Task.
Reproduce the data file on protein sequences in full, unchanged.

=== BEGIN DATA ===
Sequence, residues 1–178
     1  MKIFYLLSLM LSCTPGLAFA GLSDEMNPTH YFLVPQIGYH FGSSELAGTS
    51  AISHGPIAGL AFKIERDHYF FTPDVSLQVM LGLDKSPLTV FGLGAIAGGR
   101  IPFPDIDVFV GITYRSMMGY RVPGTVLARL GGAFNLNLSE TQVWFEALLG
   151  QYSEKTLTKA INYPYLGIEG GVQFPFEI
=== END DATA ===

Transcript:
Sequence, residues 1–178
     1  MKIFYLLSLM LSCTPGLAFA GLSDEMNPTH YFLVPQIGYH FGSSELAGTS
    51  AISHGPIAGL AFKIERDHYF FTPDVSLQVM LGLDKSPLTV FGLGAIAGGR
   101  IPFPDIDVFV GITYRSMMGY RVPGTVLARL GGAFNLNLSE TQVWFEALLG
   151  QYSEKTLTKA INYPYLGIEG GVQFPFEI